John E. Tobiason

Publication Date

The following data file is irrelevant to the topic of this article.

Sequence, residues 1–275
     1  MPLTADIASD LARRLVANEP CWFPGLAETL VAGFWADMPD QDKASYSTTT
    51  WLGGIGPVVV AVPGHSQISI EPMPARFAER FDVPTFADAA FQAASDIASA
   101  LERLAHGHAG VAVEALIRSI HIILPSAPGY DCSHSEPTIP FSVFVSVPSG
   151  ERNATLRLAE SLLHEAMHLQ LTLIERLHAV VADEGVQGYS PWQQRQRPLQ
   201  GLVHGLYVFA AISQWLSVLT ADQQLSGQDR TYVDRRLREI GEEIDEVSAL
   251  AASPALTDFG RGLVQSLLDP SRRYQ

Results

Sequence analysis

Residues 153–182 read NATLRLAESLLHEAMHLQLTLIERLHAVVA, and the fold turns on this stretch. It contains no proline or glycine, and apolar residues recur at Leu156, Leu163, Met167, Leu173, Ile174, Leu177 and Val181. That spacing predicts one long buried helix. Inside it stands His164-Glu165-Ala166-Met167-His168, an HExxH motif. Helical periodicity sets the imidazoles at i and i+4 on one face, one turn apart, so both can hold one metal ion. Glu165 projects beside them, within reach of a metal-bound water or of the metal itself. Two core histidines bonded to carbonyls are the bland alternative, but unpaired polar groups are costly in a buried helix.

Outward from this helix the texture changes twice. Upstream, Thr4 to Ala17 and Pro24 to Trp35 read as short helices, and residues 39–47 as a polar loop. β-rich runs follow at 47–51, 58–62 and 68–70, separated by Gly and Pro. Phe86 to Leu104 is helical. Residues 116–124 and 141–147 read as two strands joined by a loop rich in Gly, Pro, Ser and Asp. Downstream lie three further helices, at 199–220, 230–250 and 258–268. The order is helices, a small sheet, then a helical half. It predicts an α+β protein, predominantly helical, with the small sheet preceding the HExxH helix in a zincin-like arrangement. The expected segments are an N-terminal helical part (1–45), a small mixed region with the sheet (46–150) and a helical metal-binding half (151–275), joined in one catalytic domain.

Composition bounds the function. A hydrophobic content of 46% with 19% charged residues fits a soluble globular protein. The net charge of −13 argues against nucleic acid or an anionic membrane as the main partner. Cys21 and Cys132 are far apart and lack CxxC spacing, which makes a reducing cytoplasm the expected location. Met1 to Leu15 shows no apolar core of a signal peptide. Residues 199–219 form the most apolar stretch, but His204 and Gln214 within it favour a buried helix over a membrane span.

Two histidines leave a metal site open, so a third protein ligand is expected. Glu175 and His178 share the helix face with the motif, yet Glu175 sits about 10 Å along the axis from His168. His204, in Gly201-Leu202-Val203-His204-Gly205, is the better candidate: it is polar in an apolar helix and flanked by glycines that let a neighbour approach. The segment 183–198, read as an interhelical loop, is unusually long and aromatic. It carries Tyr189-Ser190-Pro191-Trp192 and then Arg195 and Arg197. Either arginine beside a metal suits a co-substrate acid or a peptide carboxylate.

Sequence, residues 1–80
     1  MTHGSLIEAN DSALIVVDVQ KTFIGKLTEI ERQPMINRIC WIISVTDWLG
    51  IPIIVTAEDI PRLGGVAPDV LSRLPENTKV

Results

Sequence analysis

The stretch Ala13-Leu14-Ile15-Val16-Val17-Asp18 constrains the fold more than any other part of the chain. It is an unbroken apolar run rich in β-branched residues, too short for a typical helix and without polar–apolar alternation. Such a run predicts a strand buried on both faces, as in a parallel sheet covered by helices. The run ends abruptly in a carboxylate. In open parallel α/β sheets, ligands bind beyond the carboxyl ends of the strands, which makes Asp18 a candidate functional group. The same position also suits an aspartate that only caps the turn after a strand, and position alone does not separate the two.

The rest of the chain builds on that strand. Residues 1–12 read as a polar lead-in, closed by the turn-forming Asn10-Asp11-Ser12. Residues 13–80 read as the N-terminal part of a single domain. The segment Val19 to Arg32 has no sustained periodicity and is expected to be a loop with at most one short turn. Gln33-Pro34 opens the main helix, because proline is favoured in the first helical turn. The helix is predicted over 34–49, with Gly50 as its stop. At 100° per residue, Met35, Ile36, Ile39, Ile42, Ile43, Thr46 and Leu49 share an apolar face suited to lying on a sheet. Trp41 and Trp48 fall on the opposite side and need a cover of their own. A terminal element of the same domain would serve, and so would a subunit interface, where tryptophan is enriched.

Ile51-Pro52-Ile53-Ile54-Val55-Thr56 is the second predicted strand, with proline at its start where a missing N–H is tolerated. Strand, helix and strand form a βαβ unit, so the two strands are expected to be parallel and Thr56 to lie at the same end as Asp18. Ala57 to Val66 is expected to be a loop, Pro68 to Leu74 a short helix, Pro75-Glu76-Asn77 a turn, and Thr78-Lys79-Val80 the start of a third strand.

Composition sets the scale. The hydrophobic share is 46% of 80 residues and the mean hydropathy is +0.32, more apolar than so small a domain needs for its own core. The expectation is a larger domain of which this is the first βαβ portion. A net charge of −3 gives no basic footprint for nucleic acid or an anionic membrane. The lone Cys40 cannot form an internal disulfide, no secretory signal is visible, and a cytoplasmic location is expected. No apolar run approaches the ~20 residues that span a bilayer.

Wachusett Reservoir, located in central Massachusetts, supplies water to the Boston, Massachusetts metropolitan area. The reservoir receives water from a watershed of 117 square miles, as well as water transferred from the Quabbin Reservoir to the west. Quabbin Reservoir water generally has lower levels of most water quality constituents than water received from the Wachusett Reservoir watershed. The Massachusetts Department of Conservation and Recreation (DCR) manages the watershed and monitors tributary and in-reservoir water quality, while the Massachusetts Water Resources Authority (MWRA) is responsible for treatment and distribution. CE QUAL W2 is a two dimensional, laterally averaged water quantity and quality modeling program. Version 2 of this program, used in this research, provides the ability to model 21 water quality constituents in addition to water surface elevation and temperature. Constituents modeled in this study include: total organic carbon (TOC) consisting oflabile dissolved organic matter (LDOM) refractory dissolved organic matter (RDOM) algae, and detritus; nutrients including nitrate/nitrite, arnmonmm, orthophosphate; and the absorbance of 254 urn ultraviolet light (UV254). This study implemented CE QUAL W2 to study the sources, fate, and transport of these constituents in Wachusett Reservoir. The water quality model was calibrated using data from 2001 and 2002. All required input and initial condition data, including 'inflow and outflow quantities, temperatures, constituent levels, and ambient meteorology were available from DCR, MWRA, the United States Geological Survey (USGS) and the National Oceanic and Atmospheric Administration (NOAA). Values for model parameters were determined to ensure best fit between model predictions and field data for Cosgrove Aqueduct, the main withdrawal of Wachusett Reservoir. The water quality model was then validated with data from 2000 before simulations were run. NOM levels were relatively constant throughout the calibration period, although seasonal variation is significant. Lower NOM levels generally occur when the majority of withdrawn water originated in Quabbin Reservoir, and higher levels occur when water originating in the Wachusett Tributaries dominates. Measured TOC levels varied from 1.8 to 3.3 mglL at Cosgrove during 2001 - 2002. These TOC trends were captured by defining 95% of inflow TOC as dissolved organic carbon (DOC), defining the remaining 5% detritus, and then defining 20% of inflow DOC as LDOM, and the remaining 80% as RDOM. First order LDOM and RDOM decay rates of 0.008 and 0.0008 day"I, as well as a first order RDOM to LDOM decay rate of 0.0008 day"I were most appropriate. Maximum algal growth and respiration rates of 1.9 and 0.1 day"I were used. UV254 varied from 0.03 to 0.08 cm·I during the calibration period. These trends were captured by a first order temperature dependent decay rate of 0.0008 day· I and a value of 2.6E-5 em2 !cal for a constant (a) relating the impact of sunlight irradiance on UV254 decay. The parameter values determined through calibration were successfully used to validate the model using data from 2000, despite the lack of constituent data for Quabbin Transfer for that year (constituent levels were assumed to be the average of 2001 ~ 2002 levels). TOC levels at Cosgrove Aqueduct ranged from 1.7 to 3.4 mglL for that year, while UV254 levels ranged between 0.04 and 0.08 em .1. Two simulations showed that transferring water from Quabbin to Wachusett at 8.7 m3!s during periods of high tributary runoff may reduce TOC levels at Cosgrove by up to 0.2 mglL and UV254 levels by up to 0.008 em·I. A third simulation demonstrated that a large runoff event occurring in late summer! early fall may lead to large increases in TOC and UV254 levels at Cosgrove, and may result in an unusual algal bloom. A fourth simulation was run to evaluate the impact of bypassing Wachusett. Reservoir with Quabbin Transfer; the model predicts that TOC and UV254 levels at Cosgrove will increase, but the increased mean hydraulic residence time within Wachusett Reservoir results in more decay of those constituents. The resulting mixture of Quabbin and Wachusett water in similar proportions to those that actually occurred contains lower NOM levels than would exist if the bypass did not occur. These results show that Wachusett Reservoir constituent levels at the Cosgrove withdrawal are strongly source driven, although in-reservoir processes are also important. The calibration and validation results indicate that CE QUAL W2 can be effectively used to predict NOM levels at Cosgrove. The simulation results suggest that controlled and uncontrolled events may impact water quality at Cosgrove.